Mercedes C-Class (2014-2017) Interior

RRP from
Boot (seats up)
435 - 480 litres
Boot (seats down)

The Mercedes C-Class’ swooping dashboard design, snazzy trim pieces and man-made leather upholstery help make it feel like a mini luxury saloon

Watch our Mercedes C-Class interior and infotainment video review

The C-Class’ interior looks absolutely fantastic. The swooping dashboard, stylish air vents and minimal use of buttons all mean it looks more interesting than the beautifully built, but somewhat drab layout you’ll find in an Audi A4.

Material quality is generally high. All models get satisfying cold-to-the-touch metal switches and sturdy door handles that’ll make you feel a little bit better about life every time you use them. SE and Executive Edition cars have high-gloss plastic trim to highlight the centre console, but the piano black versions of these trims scratch easily. Upgrade to Sport and some of that trim gets replaced with expensive-looking metal highlights, but the unvarnished wooden pieces fitted to AMG Line cars top the lot.

All models come with Artico (Mercedes-speak for artificial) leather seats. You’ll hardly notice they’re not the real deal and they’re easy to keep clean and hard-wearing. Real leather is a £795 option, but it’s only available on mid-range Sport models and above – this restriction also applies to niceties such as a £900 panoramic glass roof and Mercedes’ £350 Air-Balance fragrance dispenser – a fancy air freshener you can really do without.

The C-Class’ interior has a bit more panache than similar cars – it's just a shame about that knock-off iPad display

Mat Watson
carwow expert

Infotainment is one of the C-Class’ weaknesses. You’d expect a car at this price to have a pretty good infotainment system, but basic SE models get a seven-inch screen with a thick bezel, low-res graphics and a CD player, and satellite navigation isn’t standard, as it is in the BMW 3 Series.

Executive Edition models do get sat-nav, but the Garmin-based system looks old fashioned in the Mercedes’ swish interior. Saying that, it has 3D maps and zooms in on tricky junctions to make directions as clear as possible. The controls aren’t anywhere near as intuitive as BMW’s system though – the Mercedes’ shortcut buttons are located on the dashboard away from the scroll knob and touchpad where you’d expect to find them – and the touchpad itself feels like it’s going to give you RSI. Apple Carplay and Android Auto smartphone-mirroring systems aren’t even optional, so you can’t use them to avoid the awkward controls.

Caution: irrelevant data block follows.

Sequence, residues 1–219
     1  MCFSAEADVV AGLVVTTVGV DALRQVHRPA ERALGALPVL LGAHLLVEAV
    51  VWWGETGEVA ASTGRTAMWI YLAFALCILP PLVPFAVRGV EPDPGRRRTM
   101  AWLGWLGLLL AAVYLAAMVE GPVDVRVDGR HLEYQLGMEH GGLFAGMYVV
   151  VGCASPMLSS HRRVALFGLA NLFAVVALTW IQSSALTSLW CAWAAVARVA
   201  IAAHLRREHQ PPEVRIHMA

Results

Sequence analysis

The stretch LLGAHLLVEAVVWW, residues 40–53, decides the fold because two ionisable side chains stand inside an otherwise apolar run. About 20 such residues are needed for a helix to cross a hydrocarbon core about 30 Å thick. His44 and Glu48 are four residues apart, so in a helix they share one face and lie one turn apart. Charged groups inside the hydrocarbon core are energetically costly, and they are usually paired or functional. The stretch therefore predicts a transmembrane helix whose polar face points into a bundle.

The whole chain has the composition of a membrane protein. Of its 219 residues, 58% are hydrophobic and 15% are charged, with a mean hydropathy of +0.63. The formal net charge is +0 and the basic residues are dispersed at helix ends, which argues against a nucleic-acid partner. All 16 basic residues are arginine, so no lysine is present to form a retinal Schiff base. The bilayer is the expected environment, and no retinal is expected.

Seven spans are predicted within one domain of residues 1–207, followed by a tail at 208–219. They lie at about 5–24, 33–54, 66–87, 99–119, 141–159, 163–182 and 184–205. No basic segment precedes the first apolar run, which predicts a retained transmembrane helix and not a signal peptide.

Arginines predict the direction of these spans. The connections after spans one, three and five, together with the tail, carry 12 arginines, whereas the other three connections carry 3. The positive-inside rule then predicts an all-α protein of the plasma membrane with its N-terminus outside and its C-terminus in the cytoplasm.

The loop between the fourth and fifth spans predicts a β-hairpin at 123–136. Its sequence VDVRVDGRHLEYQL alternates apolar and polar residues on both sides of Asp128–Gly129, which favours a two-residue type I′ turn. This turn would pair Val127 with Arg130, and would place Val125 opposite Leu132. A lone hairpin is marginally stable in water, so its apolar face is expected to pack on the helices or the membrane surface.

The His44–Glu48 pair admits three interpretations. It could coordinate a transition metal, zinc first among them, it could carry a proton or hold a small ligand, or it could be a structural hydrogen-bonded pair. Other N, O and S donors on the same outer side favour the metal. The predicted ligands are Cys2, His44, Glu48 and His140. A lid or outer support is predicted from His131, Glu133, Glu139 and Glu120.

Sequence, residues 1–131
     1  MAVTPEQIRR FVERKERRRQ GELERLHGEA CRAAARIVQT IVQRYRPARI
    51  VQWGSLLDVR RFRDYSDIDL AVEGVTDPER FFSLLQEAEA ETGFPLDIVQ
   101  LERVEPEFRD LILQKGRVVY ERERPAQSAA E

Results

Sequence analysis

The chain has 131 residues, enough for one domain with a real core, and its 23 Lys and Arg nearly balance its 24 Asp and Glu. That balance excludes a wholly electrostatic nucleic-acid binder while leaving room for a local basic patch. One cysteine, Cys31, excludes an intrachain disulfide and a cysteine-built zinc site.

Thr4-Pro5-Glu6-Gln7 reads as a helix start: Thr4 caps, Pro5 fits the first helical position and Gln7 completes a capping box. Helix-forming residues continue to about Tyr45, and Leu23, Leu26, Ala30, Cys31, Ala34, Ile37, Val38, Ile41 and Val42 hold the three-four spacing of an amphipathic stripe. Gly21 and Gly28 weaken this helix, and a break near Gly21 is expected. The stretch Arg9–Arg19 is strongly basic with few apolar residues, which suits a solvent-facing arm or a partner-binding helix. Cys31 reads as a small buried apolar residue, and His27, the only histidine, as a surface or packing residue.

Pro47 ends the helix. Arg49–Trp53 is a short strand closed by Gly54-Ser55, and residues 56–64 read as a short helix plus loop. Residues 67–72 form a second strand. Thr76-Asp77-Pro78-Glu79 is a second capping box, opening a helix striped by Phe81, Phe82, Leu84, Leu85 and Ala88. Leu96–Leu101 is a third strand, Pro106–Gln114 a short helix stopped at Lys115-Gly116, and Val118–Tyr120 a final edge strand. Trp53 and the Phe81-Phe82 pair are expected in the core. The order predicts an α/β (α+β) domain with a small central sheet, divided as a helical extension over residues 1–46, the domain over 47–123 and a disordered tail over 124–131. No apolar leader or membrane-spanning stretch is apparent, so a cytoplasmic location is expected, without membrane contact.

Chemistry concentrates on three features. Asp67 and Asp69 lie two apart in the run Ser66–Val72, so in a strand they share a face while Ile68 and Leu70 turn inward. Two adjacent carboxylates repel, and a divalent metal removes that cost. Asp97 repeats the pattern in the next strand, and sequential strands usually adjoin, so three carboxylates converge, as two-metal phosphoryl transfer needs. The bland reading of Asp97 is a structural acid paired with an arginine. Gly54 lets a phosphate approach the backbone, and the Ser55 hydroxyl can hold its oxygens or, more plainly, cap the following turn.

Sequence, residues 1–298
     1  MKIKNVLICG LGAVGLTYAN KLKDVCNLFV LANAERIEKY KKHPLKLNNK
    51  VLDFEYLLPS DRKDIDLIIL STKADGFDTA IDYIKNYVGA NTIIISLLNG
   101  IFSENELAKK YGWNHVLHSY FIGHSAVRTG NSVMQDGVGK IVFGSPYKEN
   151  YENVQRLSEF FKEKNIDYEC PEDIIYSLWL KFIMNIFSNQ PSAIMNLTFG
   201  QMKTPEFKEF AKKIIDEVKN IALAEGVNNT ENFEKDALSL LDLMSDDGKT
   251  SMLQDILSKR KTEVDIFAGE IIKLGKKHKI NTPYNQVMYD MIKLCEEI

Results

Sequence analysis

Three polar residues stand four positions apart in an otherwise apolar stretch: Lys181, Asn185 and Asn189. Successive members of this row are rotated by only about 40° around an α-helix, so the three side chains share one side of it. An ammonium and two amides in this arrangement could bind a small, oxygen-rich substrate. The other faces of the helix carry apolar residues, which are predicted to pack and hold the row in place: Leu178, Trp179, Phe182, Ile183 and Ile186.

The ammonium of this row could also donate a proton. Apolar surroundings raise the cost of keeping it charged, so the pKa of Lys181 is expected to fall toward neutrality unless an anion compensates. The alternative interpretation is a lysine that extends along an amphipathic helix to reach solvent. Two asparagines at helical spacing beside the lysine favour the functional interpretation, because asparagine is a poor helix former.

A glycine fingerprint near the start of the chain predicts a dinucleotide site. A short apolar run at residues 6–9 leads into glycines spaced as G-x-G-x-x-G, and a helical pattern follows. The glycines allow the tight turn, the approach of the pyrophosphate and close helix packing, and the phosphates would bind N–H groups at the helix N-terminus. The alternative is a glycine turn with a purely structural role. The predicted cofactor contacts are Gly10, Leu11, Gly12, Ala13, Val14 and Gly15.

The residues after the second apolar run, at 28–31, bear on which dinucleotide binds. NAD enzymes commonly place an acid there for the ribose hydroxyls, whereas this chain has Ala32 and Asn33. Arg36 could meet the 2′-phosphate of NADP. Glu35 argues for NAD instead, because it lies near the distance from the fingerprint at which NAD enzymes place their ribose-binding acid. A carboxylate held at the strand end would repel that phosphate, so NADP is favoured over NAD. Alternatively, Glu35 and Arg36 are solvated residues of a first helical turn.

Paying for the expensive Comand Online System – optional on Sport models and above, but not available at all on entry-level models – solves most of these problems. It has an 8.4-inch display, with less of an ugly plastic border. Its graphics are clear, crisp and colourful – a good step up from the Garmin system. The dodgy controls remain but the addition of voice recognition means you don’t have to use them so much. Get this system and you can also use the Mercedes Me smartphone app, so you can heat your C-Class remotely and it will call the emergency services if you have a crash.

The only downside of the upgraded system is the price – it can only be had as part of the £2,995 Premium Plus pack. It’s actually reasonable value for money though – it includes colourful ambient lighting to brighten up the interior, keyless entry, a brilliant 590W Burmester surround-sound stereo, panoramic sunroof and electric adjustment for the front seats. That Burmester stereo is almost worth the price alone – it sounds amazing, with thumping bass and clarity that shames most home hi-fi systems. It even looks cool, thanks to laser-etched metal speaker grilles in all the doors. The standard-fit stereo sounds okay but, once you’ve heard the Burmester, you’ll probably have to tick that box.